Monday, December 30, 2013

Southeast Winter Trout Fishing Tips with Ken Hardwick

by Ken Hardwick 

At a point the weather pattern shifts and the app on your phone says it’s going to be cold for a long, long while.  The sunny and 75 is long gone and eventually you’ve wandered into the monotonous stupor of endless overcast and too many days at the tying desk. Time to add layers until you feel like Ralphie’s little brother in that famed Christmas classic and head out to the local run.
Winter has become one of my favorite seasons to fish. Along with the warmth most of the anglers have long since gone and the fishing pressure with it. Runs can be empty even on the weekends and that wary brown that you missed in the cut bank on a hopper back in August may be laid up in inches of water sipping size 20 blue wings without a care in the world. 
Winter offers up some great fishing though on the surface it can be sporadic. Midges, BWO’s, and little winter stones dominate your bug spectrum this time of year. In the mornings and evenings you are better off dredging the bottom. Pick apart your deepest water. Fast or slow, fish will congregate in these lies when the temps are at their lowest. It may be your 13th drift before you hit your first wily ‘bow of the day so don’t be in a hurry to move, the fish aren’t in a hurry either.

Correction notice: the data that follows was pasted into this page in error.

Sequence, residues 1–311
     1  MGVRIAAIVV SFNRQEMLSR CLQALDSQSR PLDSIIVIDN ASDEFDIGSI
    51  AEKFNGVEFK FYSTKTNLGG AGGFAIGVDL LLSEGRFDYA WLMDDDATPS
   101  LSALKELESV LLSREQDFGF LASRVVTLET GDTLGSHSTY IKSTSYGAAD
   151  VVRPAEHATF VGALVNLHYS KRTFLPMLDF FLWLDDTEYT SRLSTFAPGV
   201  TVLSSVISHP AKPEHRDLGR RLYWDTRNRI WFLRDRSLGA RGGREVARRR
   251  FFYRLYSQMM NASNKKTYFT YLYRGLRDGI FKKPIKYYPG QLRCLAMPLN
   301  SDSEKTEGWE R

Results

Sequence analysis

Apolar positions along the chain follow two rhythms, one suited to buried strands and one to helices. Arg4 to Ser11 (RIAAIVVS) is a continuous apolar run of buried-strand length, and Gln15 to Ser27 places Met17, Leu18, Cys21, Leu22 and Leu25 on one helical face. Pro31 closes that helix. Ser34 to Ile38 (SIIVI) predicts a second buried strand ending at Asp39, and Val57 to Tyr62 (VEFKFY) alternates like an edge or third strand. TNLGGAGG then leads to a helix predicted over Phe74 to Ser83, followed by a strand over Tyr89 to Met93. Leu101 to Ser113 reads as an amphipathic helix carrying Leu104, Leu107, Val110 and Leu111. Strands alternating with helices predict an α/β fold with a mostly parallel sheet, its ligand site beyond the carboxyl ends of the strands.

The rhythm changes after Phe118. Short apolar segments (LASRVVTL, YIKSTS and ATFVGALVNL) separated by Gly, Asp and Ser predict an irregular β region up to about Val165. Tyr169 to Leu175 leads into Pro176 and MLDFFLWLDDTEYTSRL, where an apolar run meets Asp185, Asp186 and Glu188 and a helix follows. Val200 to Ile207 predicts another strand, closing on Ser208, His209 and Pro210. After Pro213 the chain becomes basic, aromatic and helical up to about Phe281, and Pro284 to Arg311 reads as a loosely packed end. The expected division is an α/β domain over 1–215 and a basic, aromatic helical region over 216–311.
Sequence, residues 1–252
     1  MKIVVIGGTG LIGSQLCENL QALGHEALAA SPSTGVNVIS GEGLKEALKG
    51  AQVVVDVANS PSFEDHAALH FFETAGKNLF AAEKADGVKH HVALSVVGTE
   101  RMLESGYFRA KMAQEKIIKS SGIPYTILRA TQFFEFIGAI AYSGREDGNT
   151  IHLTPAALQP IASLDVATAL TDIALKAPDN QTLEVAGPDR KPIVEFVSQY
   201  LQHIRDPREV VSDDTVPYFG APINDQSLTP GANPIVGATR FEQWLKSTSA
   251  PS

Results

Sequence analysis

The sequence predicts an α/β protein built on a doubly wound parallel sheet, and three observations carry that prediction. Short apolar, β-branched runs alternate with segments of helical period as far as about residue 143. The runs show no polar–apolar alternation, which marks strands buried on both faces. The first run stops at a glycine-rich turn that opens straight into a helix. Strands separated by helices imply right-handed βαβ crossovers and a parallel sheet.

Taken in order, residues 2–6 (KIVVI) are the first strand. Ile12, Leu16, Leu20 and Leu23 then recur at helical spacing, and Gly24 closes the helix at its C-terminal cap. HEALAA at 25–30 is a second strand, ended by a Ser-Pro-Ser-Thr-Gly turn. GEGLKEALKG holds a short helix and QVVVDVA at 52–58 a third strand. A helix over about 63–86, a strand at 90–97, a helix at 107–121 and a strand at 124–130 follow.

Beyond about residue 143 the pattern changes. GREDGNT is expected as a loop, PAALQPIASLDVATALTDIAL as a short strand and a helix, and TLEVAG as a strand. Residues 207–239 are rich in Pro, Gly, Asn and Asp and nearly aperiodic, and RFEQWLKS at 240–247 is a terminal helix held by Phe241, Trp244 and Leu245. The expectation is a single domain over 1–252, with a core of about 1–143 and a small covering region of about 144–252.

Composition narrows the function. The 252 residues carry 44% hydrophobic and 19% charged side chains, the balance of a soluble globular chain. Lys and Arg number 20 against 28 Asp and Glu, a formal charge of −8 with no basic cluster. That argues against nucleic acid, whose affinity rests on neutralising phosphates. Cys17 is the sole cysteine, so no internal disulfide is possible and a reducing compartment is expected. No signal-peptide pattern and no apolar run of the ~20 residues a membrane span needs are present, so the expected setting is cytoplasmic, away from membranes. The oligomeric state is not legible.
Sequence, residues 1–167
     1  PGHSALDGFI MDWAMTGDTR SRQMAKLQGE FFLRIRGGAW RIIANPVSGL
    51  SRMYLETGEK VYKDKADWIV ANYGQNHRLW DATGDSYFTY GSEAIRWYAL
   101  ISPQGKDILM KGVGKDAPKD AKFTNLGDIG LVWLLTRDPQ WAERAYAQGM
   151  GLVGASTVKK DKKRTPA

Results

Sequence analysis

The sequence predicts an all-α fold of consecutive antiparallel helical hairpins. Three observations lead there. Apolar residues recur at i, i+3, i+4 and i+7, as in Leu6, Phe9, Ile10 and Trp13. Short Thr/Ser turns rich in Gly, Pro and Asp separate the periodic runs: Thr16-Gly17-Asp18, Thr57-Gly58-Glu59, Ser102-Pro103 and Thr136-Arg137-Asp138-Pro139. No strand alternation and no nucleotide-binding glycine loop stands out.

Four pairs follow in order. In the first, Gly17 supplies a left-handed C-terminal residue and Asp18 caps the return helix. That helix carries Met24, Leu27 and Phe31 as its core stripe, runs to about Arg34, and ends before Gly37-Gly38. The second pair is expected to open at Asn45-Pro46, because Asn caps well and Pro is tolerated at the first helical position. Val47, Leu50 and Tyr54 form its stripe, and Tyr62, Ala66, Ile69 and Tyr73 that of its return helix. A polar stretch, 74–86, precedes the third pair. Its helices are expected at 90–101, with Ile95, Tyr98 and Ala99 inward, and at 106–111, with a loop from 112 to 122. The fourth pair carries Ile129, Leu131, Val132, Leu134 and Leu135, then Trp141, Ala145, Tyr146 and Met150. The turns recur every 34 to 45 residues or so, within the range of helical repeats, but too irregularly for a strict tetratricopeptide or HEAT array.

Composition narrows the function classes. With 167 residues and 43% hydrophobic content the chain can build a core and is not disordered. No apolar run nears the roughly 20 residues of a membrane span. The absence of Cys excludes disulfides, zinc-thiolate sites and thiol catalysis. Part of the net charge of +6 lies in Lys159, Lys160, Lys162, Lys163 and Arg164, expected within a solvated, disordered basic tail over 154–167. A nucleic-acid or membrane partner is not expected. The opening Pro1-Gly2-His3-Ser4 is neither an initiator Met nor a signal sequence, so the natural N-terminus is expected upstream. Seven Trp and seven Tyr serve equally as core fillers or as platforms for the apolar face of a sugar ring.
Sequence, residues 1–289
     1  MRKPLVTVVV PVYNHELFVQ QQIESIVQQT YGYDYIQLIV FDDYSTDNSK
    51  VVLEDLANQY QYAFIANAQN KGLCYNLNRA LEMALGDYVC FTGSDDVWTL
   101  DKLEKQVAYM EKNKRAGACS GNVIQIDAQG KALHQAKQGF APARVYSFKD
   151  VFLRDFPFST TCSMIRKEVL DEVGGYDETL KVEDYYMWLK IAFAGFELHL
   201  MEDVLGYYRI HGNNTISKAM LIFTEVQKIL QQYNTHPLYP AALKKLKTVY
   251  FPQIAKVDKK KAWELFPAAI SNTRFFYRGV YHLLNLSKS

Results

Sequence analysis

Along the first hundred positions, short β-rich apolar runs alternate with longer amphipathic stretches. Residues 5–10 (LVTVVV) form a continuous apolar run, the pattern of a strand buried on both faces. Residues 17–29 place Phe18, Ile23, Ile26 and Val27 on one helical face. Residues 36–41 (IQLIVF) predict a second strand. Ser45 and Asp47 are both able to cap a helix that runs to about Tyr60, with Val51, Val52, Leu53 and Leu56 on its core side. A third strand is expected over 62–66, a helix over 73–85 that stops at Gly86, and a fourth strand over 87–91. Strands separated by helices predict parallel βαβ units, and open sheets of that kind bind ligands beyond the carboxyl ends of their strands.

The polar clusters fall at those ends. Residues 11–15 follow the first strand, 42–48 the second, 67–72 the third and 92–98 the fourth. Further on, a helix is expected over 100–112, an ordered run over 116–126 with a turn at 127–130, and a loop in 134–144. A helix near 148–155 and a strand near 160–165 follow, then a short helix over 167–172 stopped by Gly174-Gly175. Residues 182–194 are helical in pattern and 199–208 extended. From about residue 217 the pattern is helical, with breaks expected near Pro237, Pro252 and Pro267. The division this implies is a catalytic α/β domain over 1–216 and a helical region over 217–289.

Even with temps in the mid 30’s you can find lots of activity. Add some extra layers and grease up your guides with mucilin line dressing to fight off icy build up and work your gentleman’s hours. Starting late and finishing early keeps you away from the hypothermic shiver and focuses your efforts on the warmest part of the day. As it warms look for fish moving into shallower water to feed. Keep a patient pace and take advantage of these low-pressure opportunities to work on some sight fishing. A majority of the nice trout I have caught in the winter I have seen first by scouting from a high bank or a good vantage point.
Frozen Guides
Convince your buddy to go. Having twice the fly selection in the water helps you get dialed in to what the fish are doing that much faster and you can take turns with one guy scouting and one working the run. If he’s a good friend he may bring a flask along for knocking that wintery bite!
By mid afternoon on a typical southern trout stream start looking for those dimples on the surface. This is usually the peak time for activity.  Look for blue wings or midge hatches but don’t forget about those little black things crawling on your waders. Here in the Davidson river area of North Carolina our winter stonefly hatches can show us some of the most bugs we’ve seen all season.
If all else fails don’t be afraid to throw that pink san juan or that big rubber legged stone literally chilling in the lost corner of your nymph box, or whip on that olive conehead bugger for some fun. Sometimes it takes a different approach to get fish moving. 
Its better to be on the river, even when your feet feel like  concrete galoshes. Some of my most memorable days are not the ones filled with fish, but the ones spent working a familiar run with banks blanketed in snow really learning how to appreciate sunny and 75.